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The Target Is Rock : Censorship-vs.-responsibility debate gains new momentum as more states examine laws requiring the labeling of 'offensive' recordings

February 11, 1990|CHUCK PHILIPS

Imagine a time when rock 'n' roll is a crime--a time when it's illegal to be in a rock band, to sell a rock record or play one on the radio.

Absurd?

Not according to Lee Ballinger, West Coast editor of Rock and Roll Confidential, an industry newsletter that devotes much of its space to what Ballinger sees as inroads on free speech.

If the censorship battle continues in the direction it has been going, he maintains, rock music--or at least the challenging aspect of it--is destined to become illegal before the 21st Century.

"As bad as things are going lately," Ballinger said, "I doubt if Prince will even be able to play his song '1999' by the time 1999 rolls around."

Ballinger isn't the first to warn that rock 'n' roll is under siege. There has been talk of government action to suppress the music ever since Elvis Presley began twisting his hips in the '50s, but little of the criticism has led to any sort of censorship.

Still, given the impact of pop music--millions of young people listen daily to the music and spend millions buying the records--parents continue to express concerns about the possible negative influences of rock.

This concern erupted as a national issue in 1985 when Parents Music Resource Center, a Washington-based lobby, called for record companies to put warning stickers on records that could be considered unsuitable for youngsters. The lobby was concerned about music that encouraged violence, drug use and sexual promiscuity. There were also concerns about alleged references to Satan worship on some albums by heavy metal bands.

Opponents in the record industry called the proposal a form of censorship, but the PMRC rejected the charge, insisting that the group was only asking for voluntary compliance. Grudgingly, the major record companies agreed to comply, and the issue soon faded from the national scene.

However, last year, the issue flared up again.

A bill that would require the mandatory labeling of potentially offensive records was introduced in Missouri early in 1989 by State Rep. Jean Dixon. The bill was defeated.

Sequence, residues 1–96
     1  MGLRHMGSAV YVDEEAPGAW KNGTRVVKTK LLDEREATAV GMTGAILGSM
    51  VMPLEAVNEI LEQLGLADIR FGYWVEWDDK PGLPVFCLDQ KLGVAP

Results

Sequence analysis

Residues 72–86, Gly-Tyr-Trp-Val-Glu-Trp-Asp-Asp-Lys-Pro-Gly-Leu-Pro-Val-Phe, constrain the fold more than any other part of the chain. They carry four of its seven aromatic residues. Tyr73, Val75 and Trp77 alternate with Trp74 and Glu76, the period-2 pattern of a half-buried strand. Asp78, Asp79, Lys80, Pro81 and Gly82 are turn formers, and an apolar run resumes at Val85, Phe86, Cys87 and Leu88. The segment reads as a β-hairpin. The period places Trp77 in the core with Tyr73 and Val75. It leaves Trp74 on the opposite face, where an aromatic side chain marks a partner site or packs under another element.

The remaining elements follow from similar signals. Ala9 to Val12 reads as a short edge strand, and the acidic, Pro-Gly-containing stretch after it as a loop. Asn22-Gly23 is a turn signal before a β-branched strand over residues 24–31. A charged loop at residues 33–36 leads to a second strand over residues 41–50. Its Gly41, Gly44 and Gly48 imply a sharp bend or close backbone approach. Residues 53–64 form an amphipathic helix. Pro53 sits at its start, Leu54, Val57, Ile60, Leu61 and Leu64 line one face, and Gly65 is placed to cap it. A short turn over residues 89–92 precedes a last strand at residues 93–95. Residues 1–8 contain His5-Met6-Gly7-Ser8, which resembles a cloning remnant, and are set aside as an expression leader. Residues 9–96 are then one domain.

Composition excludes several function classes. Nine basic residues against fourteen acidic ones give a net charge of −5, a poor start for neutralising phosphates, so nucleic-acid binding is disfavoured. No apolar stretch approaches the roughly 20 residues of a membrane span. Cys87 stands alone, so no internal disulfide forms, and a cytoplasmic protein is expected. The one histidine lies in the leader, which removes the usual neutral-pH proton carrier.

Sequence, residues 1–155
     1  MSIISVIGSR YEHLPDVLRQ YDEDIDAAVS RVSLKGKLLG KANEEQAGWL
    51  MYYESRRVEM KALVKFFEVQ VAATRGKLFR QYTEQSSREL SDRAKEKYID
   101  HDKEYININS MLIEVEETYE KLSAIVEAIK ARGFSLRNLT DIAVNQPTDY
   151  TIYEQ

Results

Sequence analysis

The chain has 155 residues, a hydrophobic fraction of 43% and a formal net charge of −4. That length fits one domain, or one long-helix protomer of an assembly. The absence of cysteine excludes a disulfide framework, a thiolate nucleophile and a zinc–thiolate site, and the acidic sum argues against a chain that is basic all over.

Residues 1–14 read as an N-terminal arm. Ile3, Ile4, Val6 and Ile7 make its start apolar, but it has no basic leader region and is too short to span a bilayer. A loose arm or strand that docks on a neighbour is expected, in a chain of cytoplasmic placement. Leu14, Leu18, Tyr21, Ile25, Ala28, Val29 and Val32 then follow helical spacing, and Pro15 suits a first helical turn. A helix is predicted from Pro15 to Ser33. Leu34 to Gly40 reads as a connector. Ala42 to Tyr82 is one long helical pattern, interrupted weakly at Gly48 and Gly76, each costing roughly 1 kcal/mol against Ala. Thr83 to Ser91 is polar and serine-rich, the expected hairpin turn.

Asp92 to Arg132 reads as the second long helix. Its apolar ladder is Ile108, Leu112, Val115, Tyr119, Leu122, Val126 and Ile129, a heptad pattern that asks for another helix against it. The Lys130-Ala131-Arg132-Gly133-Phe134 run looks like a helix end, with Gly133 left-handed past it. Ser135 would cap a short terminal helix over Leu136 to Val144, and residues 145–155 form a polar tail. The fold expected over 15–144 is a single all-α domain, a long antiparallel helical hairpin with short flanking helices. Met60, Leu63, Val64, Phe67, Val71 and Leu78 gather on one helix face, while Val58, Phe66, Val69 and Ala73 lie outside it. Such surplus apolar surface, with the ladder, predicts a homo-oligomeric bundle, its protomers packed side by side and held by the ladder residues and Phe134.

Later in the year a similar bill was introduced in the Pennsylvania House of Representatives. This time it passed.

The bill, introduced by State Rep. Ron Gamble, was approved Dec. 13 and is now before the State Senate. Similar bills have been filed in four other states.

The skirmishes in the continuing war are not just being fought on the floors of state legislatures. They are part of a larger debate over the responsibility of musicians and record companies in regard to musical content in areas ranging from sex and drugs to politics and bigotry.

Among recent developments:

* In Georgia, five nationally known artists--including R&B star Bobby Brown and Kiss leader Gene Simmons--were arrested last year for "suggestive" performances.

* In Alabama, a record store owner was busted for selling a rap cassette to an adult undercover policeman and was convicted of selling obscene material.

* The Federal Communications Commission is aggressively targeting radio stations and fining them for "offensive" programming.

* Several Jewish leaders have accused the New York rap group Public Enemy of anti-Semitism in both media remarks and in a record, "Welcome to the Terrordome."

* An FBI public affairs officer sent a "policy" letter to Priority Records charging that a song by the Los Angeles rap group N.W.A encourages violence against law enforcement officers.

* Some record industry observers point to "attacks" on pop music as a sign that fundamentalist religious groups have made pop music lyrics a major item on their agenda for social change--an agenda that includes television programming and motion pictures offensive to these groups.

* In Southern California, Focus on the Family (FOF) has actively encouraged parents to monitor their children's musical intake and to lobby local city councils regarding "restricting entertainment that encourages drug use, sexual promiscuity, suicide and murder."

The record industry has been slow in reacting to most of this criticism, particularly on the labeling front. But various leaders have taken steps in other areas. Responding to the charges of anti-Semitism and other forms of racial insensitivity and bigotry, CBS Records chief executive Walter Yetnikoff last month sent a memo to more than 7,000 CBS employees asking for a dialogue on what the company's policy should be in this area. The move was widely applauded by other label chiefs, some of whom said they intend to follow suit.

Nothing, however, has brought the record industry closer together on the issue of "censorship" than the matter of labeling records.

Robert DeMoss of Focus on the Family says his organization has never advocated government interference with regard to stickering and it upsets him when critics portray him as an opponent of free speech.

"If a person in this culture raises their hand and says, 'I think we've got a problem here,' they are immediately labeled as a censor," DeMoss said.

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